Thursday, October 14, 2010
The Graduate Scrap Heap
The Graduate Scrap Heap
I am in my first semester of final year of university and haven’t even graduated, and yet I am already feeling the heat of the graduate leftover pile. My original beliefs of starting early and getting on a graduate scheme ready for when I finish would lead me to be ‘all set’, have quickly been blown out the window. My original beliefs of those who had failed to find a job when they graduated were because they didn’t start early enough and didn’t apply to the schemes available to them, have changed. I now realise at how wrong I was and how difficult it has been for my friends and associates who have and some still are on that scrap heap of people affected by this devastating economy.
You begin university with so much optimism that if you go to university and get a good degree, you will finish and the doors will be all open. Today, you are lucky if you are even accepted by entry-level jobs, which may for some be rejected for being over qualified. Maybe the irony of the situation would be funny if it wasn’t so frustrating.
‘Go on a placement year’, they pushed. I did, and that seems to have pushed me further into an area of industry I want to stay away from. How is one supposed to actually get the correct amount of experience and a degree without starting at the bottom after spending the last 3-4 years getting a degree to avoid just that?
Maybe the rise in the university prices will at least be of some benefit to the last of those who are being charged £3000, as it may cut down the competition.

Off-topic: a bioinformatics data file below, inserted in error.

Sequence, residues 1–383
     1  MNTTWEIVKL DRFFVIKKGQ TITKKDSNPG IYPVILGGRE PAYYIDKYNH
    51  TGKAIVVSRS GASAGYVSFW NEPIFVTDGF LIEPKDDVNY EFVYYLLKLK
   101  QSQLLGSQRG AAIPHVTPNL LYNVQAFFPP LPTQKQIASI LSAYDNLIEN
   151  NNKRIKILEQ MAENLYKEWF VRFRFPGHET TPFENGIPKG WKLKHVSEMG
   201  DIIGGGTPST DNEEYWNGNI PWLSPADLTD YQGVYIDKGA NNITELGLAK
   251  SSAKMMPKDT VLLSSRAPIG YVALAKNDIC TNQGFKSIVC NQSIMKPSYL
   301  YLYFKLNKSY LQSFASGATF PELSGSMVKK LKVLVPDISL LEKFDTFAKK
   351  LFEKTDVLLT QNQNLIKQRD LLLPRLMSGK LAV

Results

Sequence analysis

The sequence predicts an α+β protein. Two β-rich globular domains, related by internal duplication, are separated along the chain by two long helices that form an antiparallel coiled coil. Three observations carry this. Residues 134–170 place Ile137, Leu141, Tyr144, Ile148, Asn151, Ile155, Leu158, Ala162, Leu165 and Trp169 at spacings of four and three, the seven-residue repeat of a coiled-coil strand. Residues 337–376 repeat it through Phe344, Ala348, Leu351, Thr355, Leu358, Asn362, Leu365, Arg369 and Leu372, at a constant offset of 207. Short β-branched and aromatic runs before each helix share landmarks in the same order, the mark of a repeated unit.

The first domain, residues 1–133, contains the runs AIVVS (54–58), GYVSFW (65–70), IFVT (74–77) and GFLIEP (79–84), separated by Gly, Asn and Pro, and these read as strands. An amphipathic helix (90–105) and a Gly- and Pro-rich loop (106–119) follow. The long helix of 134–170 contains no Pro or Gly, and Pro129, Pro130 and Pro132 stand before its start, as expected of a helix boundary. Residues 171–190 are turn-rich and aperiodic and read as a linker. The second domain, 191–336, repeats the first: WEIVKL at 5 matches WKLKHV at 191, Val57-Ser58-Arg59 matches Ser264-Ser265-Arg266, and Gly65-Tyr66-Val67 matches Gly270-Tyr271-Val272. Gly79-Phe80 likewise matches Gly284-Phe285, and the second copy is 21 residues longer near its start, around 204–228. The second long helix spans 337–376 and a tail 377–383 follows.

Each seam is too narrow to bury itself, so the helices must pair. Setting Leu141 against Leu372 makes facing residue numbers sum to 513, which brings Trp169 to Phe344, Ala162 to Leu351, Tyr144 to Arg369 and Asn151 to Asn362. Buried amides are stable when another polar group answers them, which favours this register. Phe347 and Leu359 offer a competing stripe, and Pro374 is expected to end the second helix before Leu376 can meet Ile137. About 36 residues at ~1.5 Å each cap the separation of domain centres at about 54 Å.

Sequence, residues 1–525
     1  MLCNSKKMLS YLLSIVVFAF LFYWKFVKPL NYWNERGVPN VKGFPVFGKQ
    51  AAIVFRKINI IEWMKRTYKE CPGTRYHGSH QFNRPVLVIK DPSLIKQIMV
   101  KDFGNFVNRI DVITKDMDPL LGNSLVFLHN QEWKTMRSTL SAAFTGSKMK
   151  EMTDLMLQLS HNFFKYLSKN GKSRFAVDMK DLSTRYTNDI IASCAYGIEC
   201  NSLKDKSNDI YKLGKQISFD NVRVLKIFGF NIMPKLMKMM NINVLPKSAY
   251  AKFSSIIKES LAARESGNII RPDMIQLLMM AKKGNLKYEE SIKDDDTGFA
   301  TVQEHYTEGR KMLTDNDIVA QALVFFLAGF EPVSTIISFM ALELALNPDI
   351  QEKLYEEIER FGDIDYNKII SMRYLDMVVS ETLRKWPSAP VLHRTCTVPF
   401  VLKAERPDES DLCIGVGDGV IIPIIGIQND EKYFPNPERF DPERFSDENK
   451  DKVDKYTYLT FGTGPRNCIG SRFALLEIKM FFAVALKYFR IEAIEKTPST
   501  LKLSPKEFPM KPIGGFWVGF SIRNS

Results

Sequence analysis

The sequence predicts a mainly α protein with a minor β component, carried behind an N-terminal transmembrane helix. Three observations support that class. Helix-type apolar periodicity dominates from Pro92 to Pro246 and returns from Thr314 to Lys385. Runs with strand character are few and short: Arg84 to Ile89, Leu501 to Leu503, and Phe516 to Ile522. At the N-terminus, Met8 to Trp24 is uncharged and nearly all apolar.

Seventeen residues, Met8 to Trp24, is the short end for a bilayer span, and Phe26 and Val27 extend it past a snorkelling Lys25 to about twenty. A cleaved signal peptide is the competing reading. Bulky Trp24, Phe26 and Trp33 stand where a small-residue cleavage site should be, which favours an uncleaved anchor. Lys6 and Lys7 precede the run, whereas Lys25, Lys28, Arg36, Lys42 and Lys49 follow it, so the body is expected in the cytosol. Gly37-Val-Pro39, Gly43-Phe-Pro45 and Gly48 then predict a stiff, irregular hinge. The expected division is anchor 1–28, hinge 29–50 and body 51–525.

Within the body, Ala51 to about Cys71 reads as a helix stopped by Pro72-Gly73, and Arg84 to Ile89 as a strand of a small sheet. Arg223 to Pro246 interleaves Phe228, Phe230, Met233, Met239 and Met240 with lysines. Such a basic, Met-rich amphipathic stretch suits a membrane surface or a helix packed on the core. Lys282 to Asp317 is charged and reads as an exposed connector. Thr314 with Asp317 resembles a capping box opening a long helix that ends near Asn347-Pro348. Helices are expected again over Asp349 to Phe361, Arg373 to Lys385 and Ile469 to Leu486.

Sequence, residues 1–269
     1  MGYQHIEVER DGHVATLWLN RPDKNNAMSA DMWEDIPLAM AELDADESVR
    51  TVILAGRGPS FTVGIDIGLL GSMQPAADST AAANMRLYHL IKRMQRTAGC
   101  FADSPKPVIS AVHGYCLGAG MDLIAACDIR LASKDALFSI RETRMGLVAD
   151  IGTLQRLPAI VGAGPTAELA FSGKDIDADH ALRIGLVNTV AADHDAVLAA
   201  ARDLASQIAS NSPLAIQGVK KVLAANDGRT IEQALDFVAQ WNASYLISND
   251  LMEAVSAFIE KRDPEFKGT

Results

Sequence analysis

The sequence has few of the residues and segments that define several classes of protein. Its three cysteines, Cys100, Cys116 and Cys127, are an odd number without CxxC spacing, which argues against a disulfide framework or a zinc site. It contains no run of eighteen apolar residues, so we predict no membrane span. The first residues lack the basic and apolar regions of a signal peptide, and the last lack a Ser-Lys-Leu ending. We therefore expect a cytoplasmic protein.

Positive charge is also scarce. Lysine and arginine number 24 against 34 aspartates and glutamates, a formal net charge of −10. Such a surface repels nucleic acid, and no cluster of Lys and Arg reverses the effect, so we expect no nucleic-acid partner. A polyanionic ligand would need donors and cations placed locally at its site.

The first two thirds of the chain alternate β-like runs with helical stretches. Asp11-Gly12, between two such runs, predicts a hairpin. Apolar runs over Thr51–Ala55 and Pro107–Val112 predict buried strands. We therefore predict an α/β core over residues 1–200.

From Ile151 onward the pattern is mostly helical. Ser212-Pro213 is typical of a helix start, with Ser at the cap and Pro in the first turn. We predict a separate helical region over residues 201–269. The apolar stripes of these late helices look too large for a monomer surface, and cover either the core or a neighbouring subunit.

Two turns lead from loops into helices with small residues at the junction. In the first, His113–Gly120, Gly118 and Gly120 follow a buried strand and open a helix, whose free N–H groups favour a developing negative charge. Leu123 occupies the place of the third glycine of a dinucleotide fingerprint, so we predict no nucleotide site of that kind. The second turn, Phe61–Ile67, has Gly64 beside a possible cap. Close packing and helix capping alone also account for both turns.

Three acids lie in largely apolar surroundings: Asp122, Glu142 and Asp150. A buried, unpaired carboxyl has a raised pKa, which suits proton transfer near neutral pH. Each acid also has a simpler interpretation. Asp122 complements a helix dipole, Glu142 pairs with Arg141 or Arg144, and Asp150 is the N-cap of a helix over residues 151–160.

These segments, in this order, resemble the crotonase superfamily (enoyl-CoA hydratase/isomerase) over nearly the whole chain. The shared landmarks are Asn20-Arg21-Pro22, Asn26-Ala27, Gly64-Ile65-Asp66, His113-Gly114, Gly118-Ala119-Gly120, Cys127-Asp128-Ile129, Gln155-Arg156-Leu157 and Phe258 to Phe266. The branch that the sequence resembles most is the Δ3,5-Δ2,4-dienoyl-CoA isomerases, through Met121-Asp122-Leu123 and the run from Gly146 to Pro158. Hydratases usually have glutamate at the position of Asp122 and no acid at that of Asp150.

The graduate schemes themselves have gruelling application stages. To even get past the first stage of actually completing the application form seems to be difficult enough. An average time of 3-4 hours filling in an application to get an automatic response seconds after submitting it, informing you that you didn’t quite make the cut is always the worst.
Once you’ve got past the first stage you progress onto the second round of numeracy and verbal reasoning tests. The tests wouldn’t be so ridiculous if you didn’t have to answer 35 questions in 21 minutes, and didn’t have to spend at least two minutes a question trying to absorb the massive quantities of information you need to answer the question. I gave Angus the opportunity to try the practice questions, and even somebody who took A-level maths and uses maths frequently in his job found the questions challenging. And all this to apply for jobs which don’t even require that higher level of maths in the actual role, seems somewhat of a joke.
I haven’t as yet progressed to the 3rd round of the application process where you are invited to a day of tasks and challenges which probably make the BBC1 show ‘The Apprentice’ look like a stroll in the park.
It hurts when the one graduate scheme you dreamed of joining rejects you; but when the back-up schemes in retail inform you that you don’t have the sufficient experience for the scheme after working over six years in the customer service and retail industries; you begin to wonder what you are actually qualified for?
And so I retire in the hope, like everyone else, that it will all work out in the end; that I will find a graduate job eventually….
By David Hatton
[Image taken from: http://www.mikecausey.co.uk/]